3   GM Svetushkin, Dmitry 2547 Moldova 2809 9 8.0 88.9 2458
4   GM Ding, Liren 2742 China 2801 9 6.5 72.2 2635
5   GM Bacrot, Etienne 2720 France 2779 9 6.5 72.2 2613

Bacrot needs a good series of results to medal

Balogh will have to not lose his last round to keep his gold medal. It is difficult to believe that Hungary can afford to rest him with his fantastic performance, and he will have a tough match against Ukraine. On the plus side for him, he will be White if Hungary uses their top-4 line up. Nguyen might rest against Spain, but that would put his silver medal in jeopardy as a win by Svetushkin might give him the silver (Moldova plays Zambia, a great pairing for a must-win situation) while Ding Liren could also go into silver medal contention with a win. Bacrot on the other hand will need some kind of miracle results for him to go up to the podium, despite his fantastic tournament.

Board 3
Rk.     Name Rtg Team Rp Games Pts. % RtgAvg
1   GM Yu, Yangyi 2668 China 2902 10 8.5 85.0 2605
2   GM Duda, Jan-Krzysztof 2576 Poland 2797 10 8.5 85.0 2501
3   GM Markus, Robert 2602 Serbia 2763 8 6.0 75.0 2553
4   GM Eljanov, Pavel 2723 Ukraine 2762 8 6.5 81.3 2511
5   GM Iotov, Valentin 2553 Bulgaria 2756 10 7.5 75.0 2560

Yu Yangyi is one of the main reasons that China is sitting at the top, he might face Duda in the final round and that will be a huge result for the board three medals. The bronze medal is way too close to call.

Board 4
Rk.     Name Rtg Team Rp Games Pts. % RtgAvg
1   GM Ortiz Suarez, Isan Reynaldo 2603 Cuba 2791 7 5.5 78.6 2561
2   GM Sedlak, Nikola 2554 Serbia 2760 7 5.5 78.6 2521
3   GM Ni, Hua 2666 China 2740 8 6.0 75.0 2534
4   GM Edouard, Romain 2680 France 2732 8 6.0 75.0 2535
5   GM Howell, David W L 2650 England 2722 9 7.0 77.8 2497

Cuba's Ortiz Suarez has had a great event despite his big blunder against Guseinov that lost the Cuba-Azerbaijan match. He absolutely must play tomorrow as he needs to get to eight games in order to qualify for a medal. The same applies to Sedlak, while there is little doubt that Ni Hua will be fielded. Interestingly Howell might be facing Ortiz Suarez, which might knock the Cuban from the gold and let the English player slide into the medals.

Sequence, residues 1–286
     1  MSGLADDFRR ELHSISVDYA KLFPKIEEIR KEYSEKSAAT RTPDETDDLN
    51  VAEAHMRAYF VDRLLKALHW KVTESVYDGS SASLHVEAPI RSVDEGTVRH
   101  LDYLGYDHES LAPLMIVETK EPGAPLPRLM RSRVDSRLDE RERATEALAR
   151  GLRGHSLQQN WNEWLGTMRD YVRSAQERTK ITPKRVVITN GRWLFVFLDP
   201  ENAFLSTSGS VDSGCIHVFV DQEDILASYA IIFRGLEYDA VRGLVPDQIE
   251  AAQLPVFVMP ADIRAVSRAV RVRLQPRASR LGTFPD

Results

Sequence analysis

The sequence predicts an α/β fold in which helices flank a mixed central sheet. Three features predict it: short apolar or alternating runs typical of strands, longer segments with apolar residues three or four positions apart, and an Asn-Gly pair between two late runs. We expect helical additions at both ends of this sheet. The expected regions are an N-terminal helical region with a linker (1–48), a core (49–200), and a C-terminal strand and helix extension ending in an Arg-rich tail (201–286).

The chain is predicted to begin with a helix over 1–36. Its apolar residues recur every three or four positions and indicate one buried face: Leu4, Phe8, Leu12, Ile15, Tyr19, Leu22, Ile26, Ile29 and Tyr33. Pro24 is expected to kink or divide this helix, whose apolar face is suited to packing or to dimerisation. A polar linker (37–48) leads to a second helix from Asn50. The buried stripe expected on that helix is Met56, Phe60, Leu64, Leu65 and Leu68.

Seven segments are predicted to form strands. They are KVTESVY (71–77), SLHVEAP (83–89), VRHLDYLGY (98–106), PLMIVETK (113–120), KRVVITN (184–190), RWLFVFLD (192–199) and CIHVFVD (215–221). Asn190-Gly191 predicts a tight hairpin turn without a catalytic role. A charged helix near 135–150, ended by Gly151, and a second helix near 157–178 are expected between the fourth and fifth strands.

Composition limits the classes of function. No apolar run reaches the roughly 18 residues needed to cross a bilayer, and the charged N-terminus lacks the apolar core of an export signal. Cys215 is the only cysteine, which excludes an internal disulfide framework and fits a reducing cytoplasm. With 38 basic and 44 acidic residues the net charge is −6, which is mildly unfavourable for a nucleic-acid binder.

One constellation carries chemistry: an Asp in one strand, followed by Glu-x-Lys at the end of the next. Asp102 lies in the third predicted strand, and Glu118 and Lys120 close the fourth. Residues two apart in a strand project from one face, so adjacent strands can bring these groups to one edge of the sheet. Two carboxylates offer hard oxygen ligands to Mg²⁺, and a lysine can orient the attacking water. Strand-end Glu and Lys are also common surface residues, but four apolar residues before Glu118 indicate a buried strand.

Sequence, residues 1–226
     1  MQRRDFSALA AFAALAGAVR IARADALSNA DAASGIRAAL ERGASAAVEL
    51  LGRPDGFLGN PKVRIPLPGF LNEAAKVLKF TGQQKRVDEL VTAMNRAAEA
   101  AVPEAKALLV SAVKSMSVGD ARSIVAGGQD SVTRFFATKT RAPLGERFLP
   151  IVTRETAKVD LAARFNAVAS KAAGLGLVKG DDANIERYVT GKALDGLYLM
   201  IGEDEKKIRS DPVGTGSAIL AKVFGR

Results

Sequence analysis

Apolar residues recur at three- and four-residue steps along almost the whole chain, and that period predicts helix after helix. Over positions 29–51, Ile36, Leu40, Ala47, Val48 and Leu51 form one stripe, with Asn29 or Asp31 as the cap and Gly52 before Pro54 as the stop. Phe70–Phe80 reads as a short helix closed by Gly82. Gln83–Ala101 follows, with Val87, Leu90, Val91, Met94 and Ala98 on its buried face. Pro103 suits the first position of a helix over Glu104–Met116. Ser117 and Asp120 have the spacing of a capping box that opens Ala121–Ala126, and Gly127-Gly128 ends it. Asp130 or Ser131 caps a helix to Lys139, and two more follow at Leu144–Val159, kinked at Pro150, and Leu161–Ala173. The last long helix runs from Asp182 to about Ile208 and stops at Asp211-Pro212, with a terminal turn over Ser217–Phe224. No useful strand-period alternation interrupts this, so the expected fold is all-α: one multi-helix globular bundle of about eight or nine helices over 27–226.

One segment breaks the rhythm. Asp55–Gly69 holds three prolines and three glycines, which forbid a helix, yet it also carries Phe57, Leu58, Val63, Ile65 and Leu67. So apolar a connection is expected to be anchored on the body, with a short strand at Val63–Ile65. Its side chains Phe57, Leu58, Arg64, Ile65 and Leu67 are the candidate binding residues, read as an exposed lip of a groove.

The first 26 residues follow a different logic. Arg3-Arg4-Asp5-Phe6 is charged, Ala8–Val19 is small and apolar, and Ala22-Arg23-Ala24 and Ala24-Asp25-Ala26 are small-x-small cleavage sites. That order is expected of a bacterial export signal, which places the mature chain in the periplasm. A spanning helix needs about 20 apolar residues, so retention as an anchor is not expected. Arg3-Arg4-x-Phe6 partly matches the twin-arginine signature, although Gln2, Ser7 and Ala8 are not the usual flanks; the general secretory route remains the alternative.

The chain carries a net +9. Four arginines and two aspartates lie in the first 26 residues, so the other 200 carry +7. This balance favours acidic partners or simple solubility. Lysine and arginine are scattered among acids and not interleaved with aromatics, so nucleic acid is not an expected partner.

Board 5
Rk.     Name Rtg Team Rp Games Pts. % RtgAvg
1   GM Shankland, Samuel L 2624 USA 2889 9 8.5 94.4 2435
2   GM Moiseenko, Alexander 2707 Ukraine 2719 8 6.5 81.3 2460
3   GM Sadler, Matthew D 2653 England 2641 9 6.5 72.2 2467
4   GM Indjic, Aleksandar 2539 Serbia 2624 7 4.0 57.1 2574
5   GM Van Kampen, Robin 2638 Netherlands 2617 8 5.0 62.5 2507

The reserve board gold medal will be going to Sam Shankland, while it is difficult to say that Moiseenko will lose his grasp on the silver. The bronze is more interesting, and England only has the choice of sitting out Adams (for his silver on board one) or Sadler (currently bronze on reserve). Definitely a difficult team captain choice!

Women's Section

Round 11 on 2014/08/14 at 11:00
No. SNo     Team Pts. MP Res. : Res. MP Pts. Team     SNo
1 2     Russia 29½ 18   :   15 28½ Bulgaria     14
2 54     Montenegro 24½ 12   :   12 23½ Norway     38
3 3     Ukraine 26½ 17   :   17 30½ China     1
4 4     Georgia 28 15   :   16 26½ Germany     12
5 10     Armenia 26½ 15   :   15 26½ Spain     11
6 17     Kazakhstan 24 15   :   14 27½ Czech Republic     27
7 6     Romania 25½ 14   :   14 28½ India     5
8 22     Azerbaijan 26 14   :   14 23 Poland     8
9 7     United States of America 25½ 14   :   14 26 Argentina     24
10 9     France 24½ 13   :   13 22½ Serbia     15
11 36     Lithuania 24½ 13   :   13 26 Belarus     40
12 16     Netherlands 24 13   :   13 25 Croatia     35
13 45     Canada 24½ 13   :   13 25 Slovakia     18
14 28     Mongolia 26 13   :   13 24½ Slovenia     37
15 21     Iran 27½ 12   :   13 22 Latvia     25
16 66     El Salvador 23 12   :   12 24 Vietnam     20
17 19     Cuba 23½ 12   :   12 24½ Sweden     29
18 26     Israel 27½ 12   :   12 23½ Hungary     13
19 46     Uzbekistan 24½ 12   :   12 23½ Turkey     33

Russia could not be happier with their last round pairing. Due to a combination of results the Russian's are playing Bulgaria, a relatively weak team to some of the squads with 14 points (India and USA come to mind). With the tiebreak advantage over China it seems that a draw will be enough for the Russian women to take home the gold, but the rating gap between them and Bulgaria also heavily favors them over the board.

China on the other hand faces the powerhouse of Ukraine. A loss for the Chinese will mean that they would be in danger of not medalling at all. Hou Yifan will have to come big against Muzychuk in the final round.

Germany has decen podium chances if they win their match (not with a draw, their tiebreaks are abysmal) but Georgia is not an easy pairing for them at all. With Dzagnidze having a star tournament it's going to be hard for the Germans to hold on to their current fourth place, let alone medal.